Our focus is on medieval Irish literature—one of the earliest written vernaculars in Europe. Within this rich tradition, the face of evil changes according to genre.
From Ringwork to Stone Fortification: Power and the Evolution of Anglo-Norman Castles in North-Eastern Ireland
It focuses on two key and archaeologically well-explored castles: Trim and Carrickfergus, and their supporting fortification networks.
The name Brazil is probably the sweetest sounding name that any large race of the Earth possesses
In an Irish context, the Knights Hospitaller and the Knights Templar were the most significant expressions of this unusual vocation that sought to combine military service with monastic observance.
The sin of crime: The Mutual Influence of the Early Irish and Anglo-Saxon Penitentials and Secular Laws
One of the most fascinating questions concerning Medieval Irish and Anglo-Saxon society is not one about what was done when all went well, but rather, what was sought to be done when matters were not as they ought to be.
Both the interactions with the Irish as well as the enslavement of the Irish influenced Norse culture.
Here are a few hangover cures from days gone by, because people who partied like it was 1399 also needed a little help the morning after.
A look at New Year’s in the Middle Ages.
For the year 986, the Annals of Ulster records, ‘Iona was plundered by Danes on Christmas Eve, and they killed the abbot and fifteen men of the seniors of the church.’ What more can we learn about this attack and why it happened?
Thomas McErlean discusses the story of the discovery the earliest mill in Ireland and the earliest presently known example of a tide mill in the world.
Black Friday is around the corner – here are a few books that have just been released!
The historical development of St. Martin’s Day in Ireland, and its relationship with the more ancient festival of Samhain is examined, revealing circumstances that saw much of the ritual nature of Samhain being adopted within a Christian context in the medieval period.
The British Museum just opened its latest exhibit, Celts: Art and Identity this past Thursday, covering 2,500 years of Celtic history. The exhibit explores Celtic identity and how it eveolved from the time of the Ancient Greeks to the present through art, culture, daily life, religion and politics.
I attended the opening of the British Museum’s, Celts: Art and Identity exhibit on Sept 24th. It showcases stunning art, jewellery, weaponry, daily and religious objects to tell the story of the Celtic people.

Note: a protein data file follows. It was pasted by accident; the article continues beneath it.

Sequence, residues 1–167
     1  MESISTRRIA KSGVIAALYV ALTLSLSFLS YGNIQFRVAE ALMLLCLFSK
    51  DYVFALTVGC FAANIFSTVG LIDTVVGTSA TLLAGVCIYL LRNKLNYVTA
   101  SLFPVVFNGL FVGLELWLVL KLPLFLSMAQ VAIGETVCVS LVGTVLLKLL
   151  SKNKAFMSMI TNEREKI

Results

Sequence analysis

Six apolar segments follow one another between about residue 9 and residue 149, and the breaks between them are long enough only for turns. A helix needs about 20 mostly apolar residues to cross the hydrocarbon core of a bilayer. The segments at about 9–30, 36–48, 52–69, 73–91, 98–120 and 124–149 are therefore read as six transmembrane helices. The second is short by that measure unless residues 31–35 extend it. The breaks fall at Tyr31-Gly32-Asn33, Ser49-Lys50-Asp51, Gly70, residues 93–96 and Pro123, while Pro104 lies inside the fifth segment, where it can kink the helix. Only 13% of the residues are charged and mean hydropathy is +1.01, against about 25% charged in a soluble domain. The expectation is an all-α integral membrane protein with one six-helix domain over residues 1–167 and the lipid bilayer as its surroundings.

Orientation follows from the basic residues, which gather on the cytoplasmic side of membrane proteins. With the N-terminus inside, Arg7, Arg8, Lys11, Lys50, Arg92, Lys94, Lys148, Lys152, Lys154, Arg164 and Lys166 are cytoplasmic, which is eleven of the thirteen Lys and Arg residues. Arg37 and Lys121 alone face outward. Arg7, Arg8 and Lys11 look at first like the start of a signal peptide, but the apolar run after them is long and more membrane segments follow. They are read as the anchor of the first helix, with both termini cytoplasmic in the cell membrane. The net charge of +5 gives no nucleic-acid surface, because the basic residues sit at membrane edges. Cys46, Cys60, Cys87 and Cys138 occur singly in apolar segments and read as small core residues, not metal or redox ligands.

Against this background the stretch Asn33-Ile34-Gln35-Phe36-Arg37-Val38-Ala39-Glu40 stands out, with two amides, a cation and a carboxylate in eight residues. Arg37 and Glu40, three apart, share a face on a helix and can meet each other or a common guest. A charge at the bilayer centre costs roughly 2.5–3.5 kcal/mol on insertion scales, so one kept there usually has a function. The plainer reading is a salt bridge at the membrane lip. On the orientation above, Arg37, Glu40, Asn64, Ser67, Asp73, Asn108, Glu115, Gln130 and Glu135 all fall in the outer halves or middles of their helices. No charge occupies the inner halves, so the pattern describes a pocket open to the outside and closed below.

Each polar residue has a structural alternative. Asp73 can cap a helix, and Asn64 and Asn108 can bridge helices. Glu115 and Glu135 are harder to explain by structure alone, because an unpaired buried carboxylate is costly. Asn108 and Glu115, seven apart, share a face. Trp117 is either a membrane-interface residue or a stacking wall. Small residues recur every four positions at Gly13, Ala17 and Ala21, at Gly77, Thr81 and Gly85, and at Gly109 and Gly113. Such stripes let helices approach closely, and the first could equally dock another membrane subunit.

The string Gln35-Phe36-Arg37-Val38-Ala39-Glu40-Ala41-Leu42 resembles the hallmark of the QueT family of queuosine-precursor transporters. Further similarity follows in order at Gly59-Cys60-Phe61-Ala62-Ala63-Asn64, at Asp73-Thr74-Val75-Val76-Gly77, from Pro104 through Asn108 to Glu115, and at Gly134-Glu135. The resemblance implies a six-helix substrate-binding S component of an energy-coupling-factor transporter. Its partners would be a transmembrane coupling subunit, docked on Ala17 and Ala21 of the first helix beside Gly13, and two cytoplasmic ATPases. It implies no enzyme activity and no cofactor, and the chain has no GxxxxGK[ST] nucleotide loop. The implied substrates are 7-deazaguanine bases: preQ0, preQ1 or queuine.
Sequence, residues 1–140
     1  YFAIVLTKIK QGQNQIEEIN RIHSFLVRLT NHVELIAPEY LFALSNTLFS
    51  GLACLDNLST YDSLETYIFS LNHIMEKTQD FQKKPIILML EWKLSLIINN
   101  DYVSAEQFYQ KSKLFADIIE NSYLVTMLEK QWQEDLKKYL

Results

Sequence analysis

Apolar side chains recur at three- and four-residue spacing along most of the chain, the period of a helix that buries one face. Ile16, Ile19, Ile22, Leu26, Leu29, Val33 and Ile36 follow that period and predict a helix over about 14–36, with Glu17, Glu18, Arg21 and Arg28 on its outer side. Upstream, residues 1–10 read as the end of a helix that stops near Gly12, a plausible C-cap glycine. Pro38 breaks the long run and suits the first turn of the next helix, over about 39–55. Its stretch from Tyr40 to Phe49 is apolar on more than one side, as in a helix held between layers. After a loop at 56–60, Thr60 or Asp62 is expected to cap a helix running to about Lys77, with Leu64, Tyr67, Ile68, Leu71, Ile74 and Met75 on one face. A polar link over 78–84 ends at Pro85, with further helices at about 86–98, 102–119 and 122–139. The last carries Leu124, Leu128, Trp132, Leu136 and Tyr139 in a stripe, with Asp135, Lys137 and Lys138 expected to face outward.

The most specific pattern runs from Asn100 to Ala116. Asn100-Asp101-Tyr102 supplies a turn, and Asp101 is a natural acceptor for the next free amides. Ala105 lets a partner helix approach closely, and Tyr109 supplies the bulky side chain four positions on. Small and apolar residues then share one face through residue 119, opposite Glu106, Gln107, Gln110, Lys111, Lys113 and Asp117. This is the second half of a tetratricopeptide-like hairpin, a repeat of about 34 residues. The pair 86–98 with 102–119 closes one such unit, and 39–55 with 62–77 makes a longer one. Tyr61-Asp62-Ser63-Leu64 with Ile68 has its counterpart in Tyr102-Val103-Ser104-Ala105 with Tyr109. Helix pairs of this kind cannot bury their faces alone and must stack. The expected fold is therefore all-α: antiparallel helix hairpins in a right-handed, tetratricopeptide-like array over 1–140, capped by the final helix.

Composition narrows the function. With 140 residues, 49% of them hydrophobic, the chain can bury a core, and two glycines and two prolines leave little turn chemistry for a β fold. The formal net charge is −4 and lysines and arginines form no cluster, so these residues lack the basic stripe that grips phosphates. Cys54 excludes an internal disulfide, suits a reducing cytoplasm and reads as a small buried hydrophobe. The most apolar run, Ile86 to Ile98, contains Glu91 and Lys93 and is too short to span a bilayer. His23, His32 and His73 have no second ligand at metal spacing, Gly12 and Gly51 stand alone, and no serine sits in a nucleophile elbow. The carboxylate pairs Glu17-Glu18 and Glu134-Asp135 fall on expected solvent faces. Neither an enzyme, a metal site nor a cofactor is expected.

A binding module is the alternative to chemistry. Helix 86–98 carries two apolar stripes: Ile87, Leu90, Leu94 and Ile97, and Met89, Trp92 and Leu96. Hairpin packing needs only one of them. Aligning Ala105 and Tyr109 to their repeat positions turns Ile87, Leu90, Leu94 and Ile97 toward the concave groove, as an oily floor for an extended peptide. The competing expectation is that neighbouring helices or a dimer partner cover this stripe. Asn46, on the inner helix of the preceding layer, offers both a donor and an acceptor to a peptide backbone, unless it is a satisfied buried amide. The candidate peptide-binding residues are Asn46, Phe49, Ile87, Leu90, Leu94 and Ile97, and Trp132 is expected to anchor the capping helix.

This short paper addresses what I regard as two critical issues in Irish castellological research: the definition of the ‘hall-house’, and the relationship of buildings so identified with the tower-houses of the later middle ages.
Last May a storm in northwest Ireland blew over a 215-year old tree. It also unearth an unusual find – the skeletal remains of a young man who lived nearly a thousand years ago.
Unmanned aerial vehicles (UAV) have been gaining attention in the news for the last few years, but archaeologists like Saint Louis University history professor Thomas Finan, Ph.D., have always appreciated what aerial photography could accomplish.
Slave raiding and the slave trade in early medieval Northumbria and Ireland were transcultural and inter-regional processes, involving the enslavement and transportation of people across permeable borders.
As far as medieval movies go, Tristan and Isolde definitely isn’t the worst I’ve seen. I was looking for a movie to watch after work, and I thought, hey, James Franco, Sophia Moyles, Henry Cavill, and Rufus Sewell, all directed by Ridley Scott?! – this can’t be that bad. Well, it was pretty bad, but it wasn’t the worst 2 hours of my life. So what went wrong?
One of the most visible reminders of Ireland’s medieval history are the tower house castles that are scattered throughout the country. For centuries they were the homes and fortresses for the native Irish elites as well as the English and Scottish settlers. However, by the early seventeenth-century it seems that they were now being abandoned and left the fall into ruin. What happened?
Dunluce Castle in Northern Ireland will host a family friendly archaeological event on Saturday 25 July from 10.30am – 4.30pm.
Accounts of the Battle of the Standard, fought in 1138 between the army of David I, King of Scots and the northern English forces rallied by Thurstan, Archbishop of York, have unvaryingly placed the blame for the Scottish defeat on David’s Galwegian warriors who, against armoured English ranks, fled in confusion.
It is somewhat surprising that we find very little in the way of propaganda bent on stressing positive changes that Christianity could bring, propaganda of the kind that Bishop Daniel of Winchester scripted for Boniface in the oft-cited letter which he advised the missionary to lure converts by contrasting the economic prosperity of Christian communities with the backwardness of the non-Christian.